5) Environmental Impact: Maconellicoccus hirsutus is not expected to lower biodiversity, disrupt natural communities, or change ecosystem processes. Algodones Dunes sunflower (Helianthus niveus tephrodes), Bakersfield cactus (Opuntia basilaris var. treleasei), and small-leaved rose (Rosa minutifolia) are listed as threatened or endangered plants in California and are potential hosts of this mealybug. An infestation of the mealybug in Riverside County in 2011 was eradicated by the county, indicating that the presence of this pest may trigger additional official treatment programs. Additional treatments are also likely in the nursery industry and by residents who find infested plants unsightly. In some cases, the mealybug is likely to be managed by biological control programs such that it does not significantly impact cultural practices, home/urban gardening, or ornamental plantings. However, due to its extremely high reproductive rate and broad host range it is likely to sometimes cause significant damage to ornamental plants as it encounters them before biological control agents. Maconellicoccus hirsutus receives a High (3) in this category.
Evaluate the environmental impact of the pest on California using the criteria below.
A. The pest could have a significant environmental impact such as lowering biodiversity, disrupting natural communities, or changing ecosystem processes.
B. The pest could directly affect threatened or endangered species.
C. The pest could impact threatened or endangered species by disrupting critical habitats.
D. The pest could trigger additional official or private treatment programs.
E. The pest significantly impacts cultural practices, home/urban gardening or ornamental plantings.
Score the pest for Environmental Impact. Score: 3
– Low (1) causes none of the above to occur.
– Medium (2) causes one of the above to occur.
– High (3) causes two or more of the above to occur.
Consequences of Introduction to California for Maconellicoccus hirsutus (pink hibiscus mealybug): High(14)
Add up the total score and include it here.
–Low = 5-8 points
–Medium = 9-12 points
–High = 13-15 points
6) Post Entry Distribution and Survey Information: Maconellicoccus hirsutus is only known to be established in Imperial and Riverside counties. The mealybug receives a Low (-1) in this category.
Evaluate the known distribution in California. Only official records identified by a taxonomic expert and supported by voucher specimens deposited in natural history collections should be considered. Pest incursions that have been eradicated, are under eradication, or have been delimited with no further detections should not be included.
–Not established (0) Pest never detected in California, or known only from incursions.
–Low (-1) Pest has a localized distribution in California, or is established in one suitable climate/host area (region).
–Medium (-2) Pest is widespread in California but not fully established in the endangered area, or pest established in two contiguous suitable climate/host areas.
–High (-3) Pest has fully established in the endangered area, or pest is reported in more than two contiguous or non-contiguous suitable climate/host areas.
The final score is the consequences of introduction score minus the post entry distribution and survey information score: High(13)
There have been no recent statewide surveys for the mealybug, so it may have a larger distribution within California. In the absence of surveys or official control, trading partners are likely to regulate the entire state, so range expansions of pink hibiscus mealybug may not trigger new impacts on fruit exports. Pheidole megacephala (bigheaded ant) has recently been detected in California. This is an aggressive ant that is likely to tend pink hibiscus mealybug and consume all parasites and predators it encounters, reducing the effectiveness of biological control5. As bigheaded ant expands its range through southern California it is likely to facilitate the invasion of Maconellicoccus hirsutus and may disrupt the presently successful biological control program. If this were to occur, yield of economically important crops such as almonds, peaches, pistachios, walnuts, olives, and citrus may be reduced. Crop quality and production costs by increase in the long term. This may elevate the economic impact of the pest to High (3).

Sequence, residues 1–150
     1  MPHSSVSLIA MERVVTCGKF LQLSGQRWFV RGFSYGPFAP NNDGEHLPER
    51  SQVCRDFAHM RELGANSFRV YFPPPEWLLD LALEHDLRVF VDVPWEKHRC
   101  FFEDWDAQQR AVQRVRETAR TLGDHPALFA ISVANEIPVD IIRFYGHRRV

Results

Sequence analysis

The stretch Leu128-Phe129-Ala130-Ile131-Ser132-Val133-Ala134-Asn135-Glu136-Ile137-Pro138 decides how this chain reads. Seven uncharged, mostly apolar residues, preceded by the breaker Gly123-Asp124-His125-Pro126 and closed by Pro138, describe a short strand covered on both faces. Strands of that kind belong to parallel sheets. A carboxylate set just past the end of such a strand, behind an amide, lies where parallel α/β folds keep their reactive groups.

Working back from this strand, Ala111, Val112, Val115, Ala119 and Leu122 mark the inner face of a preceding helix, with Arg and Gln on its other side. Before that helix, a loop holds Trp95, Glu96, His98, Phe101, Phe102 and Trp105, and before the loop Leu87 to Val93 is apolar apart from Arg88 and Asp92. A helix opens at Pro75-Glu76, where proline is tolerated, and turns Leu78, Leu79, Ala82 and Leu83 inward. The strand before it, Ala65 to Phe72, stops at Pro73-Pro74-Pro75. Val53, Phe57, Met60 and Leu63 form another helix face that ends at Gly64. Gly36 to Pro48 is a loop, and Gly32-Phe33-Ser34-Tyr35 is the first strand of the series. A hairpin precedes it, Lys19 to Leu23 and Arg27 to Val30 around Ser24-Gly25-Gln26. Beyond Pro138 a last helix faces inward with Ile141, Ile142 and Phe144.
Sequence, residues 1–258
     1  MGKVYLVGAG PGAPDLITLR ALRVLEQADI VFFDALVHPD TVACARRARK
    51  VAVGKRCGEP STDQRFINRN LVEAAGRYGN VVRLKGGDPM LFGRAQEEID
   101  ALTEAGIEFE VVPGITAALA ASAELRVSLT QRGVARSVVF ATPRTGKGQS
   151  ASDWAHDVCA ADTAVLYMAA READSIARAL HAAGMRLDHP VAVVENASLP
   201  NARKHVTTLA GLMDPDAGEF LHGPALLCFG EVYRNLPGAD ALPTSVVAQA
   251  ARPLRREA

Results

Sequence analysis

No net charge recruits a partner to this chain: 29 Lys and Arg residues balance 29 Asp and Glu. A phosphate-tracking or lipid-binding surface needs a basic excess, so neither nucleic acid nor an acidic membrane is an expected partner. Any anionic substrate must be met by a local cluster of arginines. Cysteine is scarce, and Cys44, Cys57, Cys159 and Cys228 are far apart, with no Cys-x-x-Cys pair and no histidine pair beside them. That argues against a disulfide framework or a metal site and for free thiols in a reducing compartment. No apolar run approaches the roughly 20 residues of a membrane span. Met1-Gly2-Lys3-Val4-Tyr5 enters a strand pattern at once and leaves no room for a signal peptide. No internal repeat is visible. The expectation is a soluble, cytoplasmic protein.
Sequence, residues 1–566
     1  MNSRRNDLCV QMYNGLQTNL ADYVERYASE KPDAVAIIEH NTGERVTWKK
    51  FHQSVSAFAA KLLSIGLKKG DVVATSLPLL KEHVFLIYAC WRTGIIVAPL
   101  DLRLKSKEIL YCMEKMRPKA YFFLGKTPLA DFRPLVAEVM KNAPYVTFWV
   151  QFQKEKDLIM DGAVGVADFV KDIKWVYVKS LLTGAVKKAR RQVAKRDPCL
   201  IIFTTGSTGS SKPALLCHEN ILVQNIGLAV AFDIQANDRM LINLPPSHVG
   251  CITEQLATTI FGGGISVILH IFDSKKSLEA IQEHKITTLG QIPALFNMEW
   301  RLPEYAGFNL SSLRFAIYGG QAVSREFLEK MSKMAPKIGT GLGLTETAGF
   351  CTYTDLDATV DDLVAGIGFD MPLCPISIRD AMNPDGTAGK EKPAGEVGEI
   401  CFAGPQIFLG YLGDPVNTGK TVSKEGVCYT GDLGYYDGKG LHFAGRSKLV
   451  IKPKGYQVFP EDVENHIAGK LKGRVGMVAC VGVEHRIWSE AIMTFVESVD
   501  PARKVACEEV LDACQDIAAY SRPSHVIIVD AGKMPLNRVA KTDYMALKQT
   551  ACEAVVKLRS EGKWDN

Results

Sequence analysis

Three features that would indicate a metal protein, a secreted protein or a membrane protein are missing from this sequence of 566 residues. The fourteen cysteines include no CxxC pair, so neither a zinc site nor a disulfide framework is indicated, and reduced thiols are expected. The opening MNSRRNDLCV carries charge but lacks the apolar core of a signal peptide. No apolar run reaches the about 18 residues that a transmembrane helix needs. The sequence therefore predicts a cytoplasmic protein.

Conclusion and Rating Justification:
Maconellicoccus hirsutus is a highly polyphagous mealybug with a limited distribution within California at present. If it enters commercial fruit groves and vineyards the presence of the mealybug is likely to close or restrict export markets for fresh fruit. If found outside of its present distribution, it will likely trigger treatment or biological control programs. However, pink hibiscus mealybug has been known to be present in California since 1999 and is not under official control. Therefore, the A-rating can longer be justified. A “B” rating is now the appropriate rating.
1Culliney, T.W. 2014. Deregulation Evaluation of Established Pests (DEEP); DEEP Report on Maconellicoccus hirsutus (Green): Egyptian hibiscus mealybug, pink hibiscus mealybug.
2Data sheets on quarantine pests: Maconellicoccus hirsutus. 2005. European and Mediterranean Plant Protection Organization. OEPP/EPPO Bulletin 35, 413-415. http://www.eppo.int/QUARANTINE/insects/Maconellicoccus_hirsutus/DS_Maconellicoccus_hirsutus.pdf
3Ben-Dov, Y. 2014. ScaleNet, Maconellicoccus hirsutus. Available online at http://www.sel.barc.usda.gov/catalogs/pseudoco/Maconellicoccushirsutus.htm Accessed on 9 April 2014.
4USDA Phytosanitary Certificate Issuance & Tracking System (PCIT) Phytosanitary Export Database (PExD). https://pcit.aphis.usda.gov/pcit/
5Buckley, Ralf and Penny Gullan. 1991. More aggressive ant species (Hymenoptera: Formicidae) provide better protection for soft scales and mealybugs (Homoptera: Coccidae, Pseudococcidae). Biotropica 23(3): 282-286. http://www.jstor.org/discover/10.2307/2388205?uid=3739560&uid=2&uid=4&uid=3739256&sid=21104122016081
6NAPIS; Email updated dated September 2, 2014. http://pest.ceris.purdue.edu/capsreview.php?code=IRAWBIA
7Hoy, Marjorie A., Avas Hamon, and Ru Nguyen. 2006. Common name: pink hibiscus mealybug. University of Florida Featured Creatures. http://entnemdept.ufl.edu/creatures/orn/mealybug/mealybug.htm
Jason Leathers, 2800 Gateway Oaks, Sacramento CA 95833, (916) 654-1211, plant.health[@]cdfa.ca.gov
4/25/18 – 6/9/18